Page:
Furthermore, young Frances led a careless and revelry life until the time of his internal awakening. He finally understood his real sense in a poor little church of St. Damien, in Assisi. The same occurred in young Wladyslaw’s case. Young Zeno, valuing his independence, recklessly spent his parents’ money and was considered frivolous up to the moment of his internal transformation where he was inspired by the sermon given on St. Stanislaw Kostka’s Feast day at the church-fair in Rostków near Przasnysz. He also, did not always react positively to his worrisome mother’s caring remarks and good advice. Only the shock of her sudden death, and the fact that he did not know about it and could not even attend her funeral provoked young Zebrowski to see life in a different light.
Wladyslaw was a handsome, energetic and happy youth. He liked to dress well and always looked for new experiences. His younger sister Helena remembered that concerning her brother, many rich girls vied for his attention. He, on the other hand, did not pay much attention to this, repeating constantly that it was not yet the time. Dormant in the young Wladyslaw was a restless sprit and an innate passion to roam. On July 1, 1919, after the end of World War I, When Poland regained it’s long awaited independence, Wladyslaw, pushed by his desire to experience something new and guided by the patriotism carried from the family home, enlisted in the 1st Infantry Regiment of ‘Legiony” in Lomza. Shortly after, his machine gun corps was dispatched to the defence of Wilno, which was threatened by the Bolsheviks. Because of his sudden illness during the campaign, he found himself in the field hospital in Komorow.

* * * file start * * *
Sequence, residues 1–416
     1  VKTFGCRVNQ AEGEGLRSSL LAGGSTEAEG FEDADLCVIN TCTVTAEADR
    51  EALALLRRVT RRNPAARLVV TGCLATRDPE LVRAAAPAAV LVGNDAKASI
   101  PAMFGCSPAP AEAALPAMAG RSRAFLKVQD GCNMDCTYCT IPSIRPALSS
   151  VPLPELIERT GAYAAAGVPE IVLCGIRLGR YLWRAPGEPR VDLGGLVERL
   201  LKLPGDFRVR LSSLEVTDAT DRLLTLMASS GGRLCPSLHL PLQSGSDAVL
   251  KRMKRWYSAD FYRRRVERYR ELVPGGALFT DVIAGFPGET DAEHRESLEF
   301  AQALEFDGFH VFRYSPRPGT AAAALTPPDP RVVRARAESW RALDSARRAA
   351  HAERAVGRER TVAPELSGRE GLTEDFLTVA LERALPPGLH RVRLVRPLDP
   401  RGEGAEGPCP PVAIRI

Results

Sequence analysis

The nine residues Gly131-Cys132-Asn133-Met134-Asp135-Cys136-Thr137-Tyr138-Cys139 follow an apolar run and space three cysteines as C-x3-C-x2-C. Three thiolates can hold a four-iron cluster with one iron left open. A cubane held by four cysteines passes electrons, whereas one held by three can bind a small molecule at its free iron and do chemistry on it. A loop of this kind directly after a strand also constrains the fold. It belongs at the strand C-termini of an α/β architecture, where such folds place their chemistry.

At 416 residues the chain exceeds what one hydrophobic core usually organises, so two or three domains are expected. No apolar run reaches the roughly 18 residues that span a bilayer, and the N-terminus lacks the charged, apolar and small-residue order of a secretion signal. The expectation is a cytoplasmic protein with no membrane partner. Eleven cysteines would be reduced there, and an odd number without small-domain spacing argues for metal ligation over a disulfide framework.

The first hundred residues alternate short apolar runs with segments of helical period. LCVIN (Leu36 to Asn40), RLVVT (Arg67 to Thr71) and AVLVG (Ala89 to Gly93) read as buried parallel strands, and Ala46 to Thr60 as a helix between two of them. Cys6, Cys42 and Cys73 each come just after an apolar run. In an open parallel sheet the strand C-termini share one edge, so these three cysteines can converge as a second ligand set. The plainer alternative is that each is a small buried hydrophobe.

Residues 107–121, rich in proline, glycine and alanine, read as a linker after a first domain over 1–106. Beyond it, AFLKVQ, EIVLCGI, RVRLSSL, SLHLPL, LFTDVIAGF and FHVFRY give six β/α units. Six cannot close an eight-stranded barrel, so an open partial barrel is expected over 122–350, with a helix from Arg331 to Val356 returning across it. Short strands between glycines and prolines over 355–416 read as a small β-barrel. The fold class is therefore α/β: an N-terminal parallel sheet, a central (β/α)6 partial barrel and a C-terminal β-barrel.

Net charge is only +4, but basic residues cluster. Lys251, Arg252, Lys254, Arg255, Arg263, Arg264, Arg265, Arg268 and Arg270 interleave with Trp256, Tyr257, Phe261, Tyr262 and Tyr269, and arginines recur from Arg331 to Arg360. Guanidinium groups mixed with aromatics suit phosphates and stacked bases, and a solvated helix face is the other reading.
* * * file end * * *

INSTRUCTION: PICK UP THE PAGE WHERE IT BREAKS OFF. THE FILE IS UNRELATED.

As soon as he felt better, he started to take care of the wounded soldiers brought over from the front line to the hospital barracks, where he often watched over the dying. When the need arose, he transported the deceased to the cemetery. The range of His responsibilities in the army changed with time. However, his internal perplexities did not stop tormenting him. His military career lasted less than three years. He said, “I quit, because in the army the officers make all the decisions, the solders have nothing to say”. This did not agree with his life’s philosophy of absolute freedom. Wladyslaw, man of a resourceful nature, tried his luck at different professions. With the thought of making a fortune, he became a shareholder of the Maritime open peat mine near Gdansk. All his savings were lost there, as well as a considerable amount of his father’s money. Later, he seriously considered opening a business with his older brother Joseph. His efforts were never immortalized by success.